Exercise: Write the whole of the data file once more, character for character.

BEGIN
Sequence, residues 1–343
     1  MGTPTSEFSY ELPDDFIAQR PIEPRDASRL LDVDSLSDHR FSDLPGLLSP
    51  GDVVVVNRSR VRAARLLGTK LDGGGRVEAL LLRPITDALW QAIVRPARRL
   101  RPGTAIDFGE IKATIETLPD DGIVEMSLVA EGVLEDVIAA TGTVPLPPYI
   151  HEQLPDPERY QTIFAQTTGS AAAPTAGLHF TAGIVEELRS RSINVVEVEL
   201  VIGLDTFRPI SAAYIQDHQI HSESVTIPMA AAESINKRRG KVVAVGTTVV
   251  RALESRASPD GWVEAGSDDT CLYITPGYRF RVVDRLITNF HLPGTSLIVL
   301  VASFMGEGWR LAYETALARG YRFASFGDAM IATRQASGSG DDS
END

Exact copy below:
Sequence, residues 1–343
     1  MGTPTSEFSY ELPDDFIAQR PIEPRDASRL LDVDSLSDHR FSDLPGLLSP
    51  GDVVVVNRSR VRAARLLGTK LDGGGRVEAL LLRPITDALW QAIVRPARRL
   101  RPGTAIDFGE IKATIETLPD DGIVEMSLVA EGVLEDVIAA TGTVPLPPYI
   151  HEQLPDPERY QTIFAQTTGS AAAPTAGLHF TAGIVEELRS RSINVVEVEL
   201  VIGLDTFRPI SAAYIQDHQI HSESVTIPMA AAESINKRRG KVVAVGTTVV
   251  RALESRASPD GWVEAGSDDT CLYITPGYRF RVVDRLITNF HLPGTSLIVL
   301  VASFMGEGWR LAYETALARG YRFASFGDAM IATRQASGSG DDS